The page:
The Northern Echo’s Level Up campaign is now starting its second year. We have just had our first live event of 2023, at Thorn Lighting in Spennymoor, where a panel of experts and an invited audience talked about Investment and Devolution

Decision-makers from across the North East brought together by the Northern Echo's Level Up campaign shared their experience on investment strategies and discussed one of the most important investment decisions the region has ever made - the LA7 devolution deal.

Backed by a wave of content online and in print, the Level Up campaign is run in partnership with a team of business leaders to call for investment and jobs for the North East.

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With Northern Echo Business Editor Mike Hughes chairing, the panel was made up of leaders from those businesses:

  • Peter Snaith, a partner at Womble Bond Dickinson
  • Stephen Gill, Global Account Executive at Cummins and a member of Tees Valley’s Local Enterprise Partnership
  • Tom Lonsdale, Knowledge and Research Executive at the North East England Chamber of Commerce
  • Elizabeth Scott, Cabinet Portfolio Holder for Economy & Partnership at Durham County Council
  • Louise Taylor, Director of Corporate Strategy and Assurance at believe housing
  • Nolan Gray, Director of the Teesside Freeport

To start the event, we heard from Amy Harhoff, Durham County Council’s Corporate Director for Regeneration, Economy and Growth about the council's Economic Strategy and how it will help grow the region's £9bn economy after a county-wide consultation process.

Amy told us about the thinking behind the strategy: “We've got some really important major companies like right, the one we're at today, that are very, very important strategic employers. But we've also got a large number of businesses employing smaller workforces, but that are important to us collectively. So when we think about what we need to do, we need to account for that entire landscape.”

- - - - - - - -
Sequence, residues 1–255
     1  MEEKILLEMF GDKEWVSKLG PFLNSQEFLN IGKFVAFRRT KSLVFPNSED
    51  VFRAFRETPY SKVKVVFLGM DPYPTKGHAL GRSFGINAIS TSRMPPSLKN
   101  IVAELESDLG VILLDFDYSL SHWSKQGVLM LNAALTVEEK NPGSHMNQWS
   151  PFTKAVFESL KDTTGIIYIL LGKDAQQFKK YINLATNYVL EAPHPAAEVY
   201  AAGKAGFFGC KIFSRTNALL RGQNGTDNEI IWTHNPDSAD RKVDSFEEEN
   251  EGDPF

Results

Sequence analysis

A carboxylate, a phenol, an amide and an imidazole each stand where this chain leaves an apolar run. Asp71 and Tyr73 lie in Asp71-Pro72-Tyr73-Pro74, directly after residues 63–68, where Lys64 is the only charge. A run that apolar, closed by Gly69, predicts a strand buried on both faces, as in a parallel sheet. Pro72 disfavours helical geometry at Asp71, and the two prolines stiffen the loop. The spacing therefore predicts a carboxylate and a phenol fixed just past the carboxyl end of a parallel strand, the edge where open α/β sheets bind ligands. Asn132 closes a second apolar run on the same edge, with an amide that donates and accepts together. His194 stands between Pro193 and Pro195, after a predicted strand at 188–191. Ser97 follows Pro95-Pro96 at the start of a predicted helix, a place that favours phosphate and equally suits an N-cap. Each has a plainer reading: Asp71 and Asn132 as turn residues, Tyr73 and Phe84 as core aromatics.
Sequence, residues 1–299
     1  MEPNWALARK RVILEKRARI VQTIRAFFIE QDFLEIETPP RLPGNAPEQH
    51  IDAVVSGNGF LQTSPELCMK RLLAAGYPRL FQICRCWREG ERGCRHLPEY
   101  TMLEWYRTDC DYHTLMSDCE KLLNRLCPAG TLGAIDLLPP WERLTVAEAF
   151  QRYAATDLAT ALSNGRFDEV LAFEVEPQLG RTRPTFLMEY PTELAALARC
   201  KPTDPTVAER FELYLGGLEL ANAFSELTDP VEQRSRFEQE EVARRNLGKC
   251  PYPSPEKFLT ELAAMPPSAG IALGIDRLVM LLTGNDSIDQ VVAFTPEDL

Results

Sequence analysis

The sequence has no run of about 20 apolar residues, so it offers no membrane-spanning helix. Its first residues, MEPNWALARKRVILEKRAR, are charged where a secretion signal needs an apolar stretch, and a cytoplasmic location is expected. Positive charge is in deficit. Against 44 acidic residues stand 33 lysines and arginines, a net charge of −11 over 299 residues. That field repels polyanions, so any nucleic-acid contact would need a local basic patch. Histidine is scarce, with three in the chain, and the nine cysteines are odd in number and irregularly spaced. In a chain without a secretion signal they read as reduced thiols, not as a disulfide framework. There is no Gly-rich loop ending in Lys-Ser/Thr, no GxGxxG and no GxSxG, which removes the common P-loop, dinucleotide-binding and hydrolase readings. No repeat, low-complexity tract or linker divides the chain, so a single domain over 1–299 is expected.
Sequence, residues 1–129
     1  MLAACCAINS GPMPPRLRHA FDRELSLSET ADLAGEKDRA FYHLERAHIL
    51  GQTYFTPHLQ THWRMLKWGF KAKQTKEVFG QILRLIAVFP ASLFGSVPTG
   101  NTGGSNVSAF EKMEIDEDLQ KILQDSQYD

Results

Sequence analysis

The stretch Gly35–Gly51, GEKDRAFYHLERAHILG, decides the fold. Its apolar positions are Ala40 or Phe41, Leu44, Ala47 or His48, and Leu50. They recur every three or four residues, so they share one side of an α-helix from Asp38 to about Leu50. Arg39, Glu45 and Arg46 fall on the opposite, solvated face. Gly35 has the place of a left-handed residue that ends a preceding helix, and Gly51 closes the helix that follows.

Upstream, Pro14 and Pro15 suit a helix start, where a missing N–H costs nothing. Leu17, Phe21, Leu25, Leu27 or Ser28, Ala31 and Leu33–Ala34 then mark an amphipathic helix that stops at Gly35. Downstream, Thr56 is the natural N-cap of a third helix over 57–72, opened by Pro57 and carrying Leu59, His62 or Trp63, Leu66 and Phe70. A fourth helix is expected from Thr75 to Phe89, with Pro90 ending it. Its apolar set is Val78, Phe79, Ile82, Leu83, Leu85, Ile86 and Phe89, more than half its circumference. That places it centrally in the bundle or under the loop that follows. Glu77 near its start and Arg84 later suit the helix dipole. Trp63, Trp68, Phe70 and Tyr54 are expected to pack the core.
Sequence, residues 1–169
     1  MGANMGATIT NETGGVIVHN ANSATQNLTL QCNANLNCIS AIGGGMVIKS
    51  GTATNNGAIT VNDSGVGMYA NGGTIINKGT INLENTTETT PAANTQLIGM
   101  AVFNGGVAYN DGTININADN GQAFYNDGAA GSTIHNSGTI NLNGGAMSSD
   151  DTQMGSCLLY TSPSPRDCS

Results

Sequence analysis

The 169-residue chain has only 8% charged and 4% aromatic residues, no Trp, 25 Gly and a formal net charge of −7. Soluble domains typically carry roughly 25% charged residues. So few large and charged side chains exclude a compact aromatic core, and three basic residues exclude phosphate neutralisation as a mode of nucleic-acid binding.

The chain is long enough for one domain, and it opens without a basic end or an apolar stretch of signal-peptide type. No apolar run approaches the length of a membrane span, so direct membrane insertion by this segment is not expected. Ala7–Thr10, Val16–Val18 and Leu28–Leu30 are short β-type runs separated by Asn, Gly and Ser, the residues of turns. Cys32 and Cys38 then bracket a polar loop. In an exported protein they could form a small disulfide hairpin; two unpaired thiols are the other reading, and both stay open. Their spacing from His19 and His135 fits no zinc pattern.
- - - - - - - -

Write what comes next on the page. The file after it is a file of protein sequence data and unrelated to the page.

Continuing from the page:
Amy said valuing the County Durham economy at £9bn was only a starting point.

“What that figure shows is actually a deficit in what we should achieve as economy, when you look at national averages for our population, we should be closer to £12billion or £13 billion in productivity, and that's a year on year figure. So it's really important that we target our measures to be able to uplift that.

“We are as big in local authority terms as Bradford, Manchester or Sheffield. But our geography is very different - a rural economy where they are not. So that means particularly our interconnectivity - transport between areas - is more dispersed. So that's one thing we need to focus on.”

Amy said there were five Ps in the strategy – Productivity, People, Places, Promotion and Planet, and added: “We as a council take a very open and commercial approach to supporting investments.

"We know that investments need our support in different ways, whether that's applying for infrastructure funding to support some of those market failures and vulnerabilities, or the way that we offer business support, and you'll see many of my colleagues in the room here today from Business Durham - a team dedicated to supporting existing businesses in the county and attracting inward investment.”